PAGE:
Around Australia, many architects are knowledgeable, capable and passionate about design, but many are less keen on promoting themselves and their firms or to evolve into forward thinking leaders.
In this context, it is timely to think about why architects need to develop marketing skills as well as how they can evolve their styles to establish leadership credentials in a changing environment.
Mark Jeffrey, managing director of culture and leadership consultancy ODG Solutions offers some insights. Jeffrey will speak on both topics at the BILT – RTC conference in May this year.
First, there is marketing.
According to Jeffrey, the importance of marketing skills should not be underestimated. As with counterparts across other professional service areas, he says design firms which fail to promote themselves are limited in their opportunities, more susceptible to the boom-bust cycle of architecture, and less likely compared with their more proactive counterparts to manage difficult times without the need for hard decisions.
Individually, he says architects whose firms are not growing can feel stifled.
By contrast, firms whose workers adopt an active marketing approach are more readily able to expand and grow. For firm and worker alike, this creates opportunities to diversify their range of projects and establish themselves on a sustainable financial footing.
Furthermore, the ability to promote yourself and your firm’s offerings serves architects well irrespective of how their career evolves. In an environment in which many will work in multiple fields throughout their career, this is invaluable.
Moreover, developing marketing skills early helps architects manage later transitions where they reach partnership level and are expected to bring in work.
He encourages workers to avoid leaving marketing to a select few.
“Take ownership over it”, Jeffrey says. “Get out there and market and start doing the type of work that you want to do. There are massive opportunities for people to create their own destiny and the type of work that they want to do.
“But if you wait for other people to actually do your marketing, you get what you get.”
Jeffrey says teaching of commercial skills is largely absent from architectural education programs – one factor that can hold architects back from promoting and marketing their work. Culturally, too, he says Australia places greater emphasis upon people being technical specialists with a narrower focus as opposed to seeing themselves as broader business people with abilities in sales and marketing.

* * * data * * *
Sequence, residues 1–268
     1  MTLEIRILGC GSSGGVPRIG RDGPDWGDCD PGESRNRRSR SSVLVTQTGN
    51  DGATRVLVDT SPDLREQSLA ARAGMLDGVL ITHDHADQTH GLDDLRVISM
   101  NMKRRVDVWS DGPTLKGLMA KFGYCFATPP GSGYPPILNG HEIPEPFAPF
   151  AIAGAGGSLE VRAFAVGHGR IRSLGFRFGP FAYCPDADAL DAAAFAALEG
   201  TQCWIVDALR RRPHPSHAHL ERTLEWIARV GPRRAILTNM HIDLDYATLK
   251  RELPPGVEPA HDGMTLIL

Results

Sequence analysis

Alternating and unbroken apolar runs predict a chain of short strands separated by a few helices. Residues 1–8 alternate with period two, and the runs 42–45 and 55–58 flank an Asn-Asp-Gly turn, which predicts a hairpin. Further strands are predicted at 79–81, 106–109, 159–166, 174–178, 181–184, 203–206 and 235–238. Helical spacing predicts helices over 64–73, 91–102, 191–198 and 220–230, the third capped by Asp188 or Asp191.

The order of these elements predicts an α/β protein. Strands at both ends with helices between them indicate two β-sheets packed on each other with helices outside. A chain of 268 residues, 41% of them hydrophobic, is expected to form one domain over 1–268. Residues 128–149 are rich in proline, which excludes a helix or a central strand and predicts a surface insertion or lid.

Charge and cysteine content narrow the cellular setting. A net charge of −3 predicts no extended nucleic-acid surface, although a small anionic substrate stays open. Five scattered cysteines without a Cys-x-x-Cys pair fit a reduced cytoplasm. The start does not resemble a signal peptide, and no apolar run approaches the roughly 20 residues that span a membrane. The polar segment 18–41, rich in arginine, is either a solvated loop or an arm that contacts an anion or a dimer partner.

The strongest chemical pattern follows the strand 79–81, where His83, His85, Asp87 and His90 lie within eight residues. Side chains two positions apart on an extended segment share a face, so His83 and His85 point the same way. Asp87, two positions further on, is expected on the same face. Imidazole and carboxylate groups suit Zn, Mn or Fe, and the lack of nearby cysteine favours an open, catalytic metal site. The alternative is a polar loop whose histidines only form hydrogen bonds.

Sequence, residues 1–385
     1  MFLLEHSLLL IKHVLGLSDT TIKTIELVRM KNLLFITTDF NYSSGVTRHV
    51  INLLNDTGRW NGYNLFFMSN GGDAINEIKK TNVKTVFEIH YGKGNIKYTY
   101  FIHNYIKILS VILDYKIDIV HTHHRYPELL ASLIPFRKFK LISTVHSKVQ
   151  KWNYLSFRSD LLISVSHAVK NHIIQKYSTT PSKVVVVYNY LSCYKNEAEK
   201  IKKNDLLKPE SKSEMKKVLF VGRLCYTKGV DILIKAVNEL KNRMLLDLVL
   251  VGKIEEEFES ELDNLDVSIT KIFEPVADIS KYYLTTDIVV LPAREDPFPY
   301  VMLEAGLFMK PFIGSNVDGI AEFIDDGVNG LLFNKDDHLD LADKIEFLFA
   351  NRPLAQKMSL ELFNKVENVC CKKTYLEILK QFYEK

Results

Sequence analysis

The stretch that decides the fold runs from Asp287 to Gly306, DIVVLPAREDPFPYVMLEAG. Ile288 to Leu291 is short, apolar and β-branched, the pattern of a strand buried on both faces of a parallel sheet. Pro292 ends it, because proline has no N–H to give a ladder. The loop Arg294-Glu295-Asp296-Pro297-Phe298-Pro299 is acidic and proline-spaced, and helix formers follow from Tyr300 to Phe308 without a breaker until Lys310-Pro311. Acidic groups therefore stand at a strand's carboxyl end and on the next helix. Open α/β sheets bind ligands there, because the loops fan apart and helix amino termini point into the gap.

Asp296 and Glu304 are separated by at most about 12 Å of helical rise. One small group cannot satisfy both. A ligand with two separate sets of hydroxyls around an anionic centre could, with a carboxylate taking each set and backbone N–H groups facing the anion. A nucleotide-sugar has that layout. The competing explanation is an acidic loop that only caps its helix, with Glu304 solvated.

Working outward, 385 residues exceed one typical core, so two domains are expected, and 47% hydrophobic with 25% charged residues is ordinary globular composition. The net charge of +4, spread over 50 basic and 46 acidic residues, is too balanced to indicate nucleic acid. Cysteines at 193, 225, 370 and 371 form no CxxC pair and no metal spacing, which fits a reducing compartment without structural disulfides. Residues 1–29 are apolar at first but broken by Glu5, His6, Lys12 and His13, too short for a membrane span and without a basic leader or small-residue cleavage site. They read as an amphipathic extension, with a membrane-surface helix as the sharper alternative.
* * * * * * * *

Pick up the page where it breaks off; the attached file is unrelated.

This, he says, is exacerbated by perceptions surrounding marketing which are inaccurate. In fact, he says, to be able to go out into the marketplace, generate opportunities and derive solutions for the prospective client before winning that order and delivering the work is rewarding.
Jeffrey says there are several common marketing mistakes made.
First is not doing marketing at all. Marketing abilities, he says, grow with confidence which in turn grows with practice and experience. To gain that, he says architects must shift attitudes and embrace opportunities to promote themselves and their firms.
Second, there is developing the wrong skills. People vary according to their temperaments, personalities and preferences, and strategies which work for some may not be best for others. Applying a ‘cookie-cutter’ approach can lead to people becoming frustrated and discouraged. Rather, individuals must be afforded room to discover strategies which best suit them.
Once they have skills, they need strategy and purpose. Too often, Jeffrey says, architects attend conferences without planning how they will maximise value from the event. Rather, he suggests preparing beforehand and learning who is running the event and who will attend. From there, you can plan who you will target for conversation, who you bring, how you will meet people and conduct yourself, as well as how you will follow up after the event.
In developing an online presence, as well, it is important to plan how you will leverage this effort and measure your return on investment.
On leadership in an evolving world, Jeffrey says the most important things are flexibility, adaptability and openness to change. Those unable to move with what is happening quickly lose credibility. Whilst leaders are often painted as charismatic, in reality, they are proactive and adaptable.
In architecture, he says, you often have senior people who deliver a large volume of client work. These people, Jeffrey said, are often unable to lead within their organisation as a result of being too externally focused and need a greater presence within their firm.
More so, firms need a strong culture in regard to strategy and promotion. Everyone from the front counter person to those who run the organisation, he says, must understand and buy into their role in business development and marketing.
He says this is important given that sector is becoming more competitive.
“It’s becoming increasingly more competitive, we are outsourcing a lot of work overseas,” Jeffrey said.
“Because of that, we need to become more price competitive. Right across Australia, you have an exodus of senior people who have been around a long time and who get work because of their presence and their credibility in the market. They are going.
“So what happens next? With a lot of people who aren’t as necessarily as well known in the market. They have got to create a profile and be branding themselves and continuing it for the firm.”